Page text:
If you own a Mazda CX-30 or a CX-5, you may have noticed that your vehicle is equipped with a button on the lower part of the dash to the left of your wheel, showing the vehicle going up a bumpy road. Mazda calls that the Off-Road Mode Switch. Why isn’t it built into the toggle switch for Sport Mode located on the center console near the shifter? Who knows? During a recent test of the Mazda CX-30, I happened to find myself traveling over roads that looked a lot like the little cartoon, so I tried the switch.
Unlike Sport Mode, it was not easy for me to detect any changes to the feel of the vehicle. I tried turning it on and off a few times, and still could not sense any meaningful difference. So I reached out to my contacts at Mazda and asked them to shed some light on the Off-Road Mode.
According to Mazda, the Off-Road Mode switch activates what Mazda also calls an “off-road traction assist feature.” The Mazda marketing blurb about this feature says the feature can “...potentially help the driver when adventuring on uneven terrain. When the diagonal wheels lose traction, off-road traction assist will stop reducing the engine torque and increase the brake force on the wheels without traction. This transfers power to the wheels still on the ground to help allow the vehicle to regain traction and continue the drive. G-Vectoring Control Plus and front-wheel drive are standard, while Mazda’s predictive i-Activ all-wheel drive is available on all trim levels.”
Coincidental to owning a CX-5 and testing Mazdas regularly, I also own a Bronco Sport Badlands. In the Bronco Sport, I have actually covered terrain so rough that I lifted a wheel. As I did in my Forester with A/T tires before the Bronco Sport. However, would I do that type of driving in a Mazda with $90 touring tires? Not willingly. Maybe you would!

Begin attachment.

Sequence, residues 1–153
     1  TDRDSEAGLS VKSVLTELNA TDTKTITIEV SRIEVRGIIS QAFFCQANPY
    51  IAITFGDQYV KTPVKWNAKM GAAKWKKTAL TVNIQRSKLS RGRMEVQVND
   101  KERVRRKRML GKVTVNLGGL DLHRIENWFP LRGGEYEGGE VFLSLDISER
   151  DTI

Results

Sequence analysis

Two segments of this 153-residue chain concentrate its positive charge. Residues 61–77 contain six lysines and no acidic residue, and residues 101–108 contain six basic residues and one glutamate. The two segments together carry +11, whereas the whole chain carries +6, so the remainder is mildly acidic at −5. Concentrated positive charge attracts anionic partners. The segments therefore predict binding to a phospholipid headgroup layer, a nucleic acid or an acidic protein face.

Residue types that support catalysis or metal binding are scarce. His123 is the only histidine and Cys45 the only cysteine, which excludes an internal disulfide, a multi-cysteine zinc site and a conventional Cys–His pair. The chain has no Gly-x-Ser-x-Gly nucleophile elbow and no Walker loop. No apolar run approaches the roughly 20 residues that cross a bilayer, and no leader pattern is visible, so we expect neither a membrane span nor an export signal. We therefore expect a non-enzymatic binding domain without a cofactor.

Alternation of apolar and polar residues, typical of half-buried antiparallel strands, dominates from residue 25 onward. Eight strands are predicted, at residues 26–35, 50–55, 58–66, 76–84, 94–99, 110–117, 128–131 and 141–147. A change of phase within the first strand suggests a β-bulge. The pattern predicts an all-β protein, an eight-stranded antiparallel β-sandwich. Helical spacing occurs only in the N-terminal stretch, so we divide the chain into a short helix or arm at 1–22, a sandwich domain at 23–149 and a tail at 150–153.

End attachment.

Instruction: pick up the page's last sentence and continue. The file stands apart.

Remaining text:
I do drive the Mazda we own in sand and on some loose gravel, as well as over ice and snow. Sometimes on steep hills. So, I would love to have any mode that helps in those scenarios. My Mazda contact said that this mode may very well help. She clarified that the system works to free tires that may be stuck in snow, sand, mud, etc., by triggering the brakes to minimize tire slip and reroute power to the optimal tire to free the vehicle. The idea is that if a wheel is spinning, you grab that brake rotor to make it stop, and the power is then distributed to a wheel that may have traction. Sort of like how the various special traction modes in Fords, Toyotas, and Subarus work.
She went on to add that the system allows for more aggressive intervention than normal traction or stability control and isn’t designed for regular/dry road use. It is just for low-speed use. The general idea being that when the surface situation is very “technical,” if I may borrow a mountain biking term, one would use the mode so that you had every chance of not getting stuck or of getting unstuck if need be.
Finally, during our communications, the Mazda employee made a statement that I agree with 100%. She said, “Philosophically, Mazda doesn’t believe in overly complicated displays that can distract the driver from driving.” What I like about this is that Mazda’s vehicles are not marketed as mud-whomping, rock-crawling, berm-jumping off-road beasts. They are designed to get you where you are going and to feel like a natural extension of the driver. Seven drive modes with buttons, levers, thumbwheels, and knobs to turn are not the Mazda way. Which I personally support. If I wanted all that jazz, I’d buy a Jeep Wrangler.
So there you have it. A simple button, explained in painful detail. Our plan is to ask owners in the online clubs if they ever found the off-road button helpful.
Images of Mazda CX-30 by John Goreham.
John Goreham is an experienced New England Motor Press Association member and expert vehicle tester. John completed an engineering program with a focus on electric vehicles, followed by two decades of work in high-tech, biopharma, and the automotive supply chain before becoming a news contributor. In addition to his eleven years of work at Torque News, John has published thousands of articles and reviews at American news outlets. He is known for offering unfiltered opinions on vehicle topics. You can follow John on Twitter, and connect with him at Linkedin.